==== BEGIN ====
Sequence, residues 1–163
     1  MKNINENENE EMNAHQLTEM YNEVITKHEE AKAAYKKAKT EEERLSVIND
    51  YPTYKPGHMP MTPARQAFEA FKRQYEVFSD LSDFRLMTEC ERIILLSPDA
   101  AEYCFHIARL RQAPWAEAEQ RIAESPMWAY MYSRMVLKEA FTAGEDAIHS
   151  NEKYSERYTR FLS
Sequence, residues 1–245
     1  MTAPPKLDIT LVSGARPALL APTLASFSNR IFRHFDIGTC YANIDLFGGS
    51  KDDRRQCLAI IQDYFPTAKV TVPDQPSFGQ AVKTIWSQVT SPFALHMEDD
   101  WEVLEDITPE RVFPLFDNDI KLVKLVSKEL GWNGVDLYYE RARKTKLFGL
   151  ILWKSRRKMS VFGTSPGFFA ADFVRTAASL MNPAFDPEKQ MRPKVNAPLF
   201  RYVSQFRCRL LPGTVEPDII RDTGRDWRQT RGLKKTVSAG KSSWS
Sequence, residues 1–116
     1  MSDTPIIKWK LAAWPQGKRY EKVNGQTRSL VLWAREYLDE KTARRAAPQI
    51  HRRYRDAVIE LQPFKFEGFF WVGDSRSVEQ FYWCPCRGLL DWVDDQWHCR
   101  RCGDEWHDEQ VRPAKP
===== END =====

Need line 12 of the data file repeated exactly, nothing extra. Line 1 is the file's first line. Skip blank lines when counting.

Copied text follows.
Sequence, residues 1–116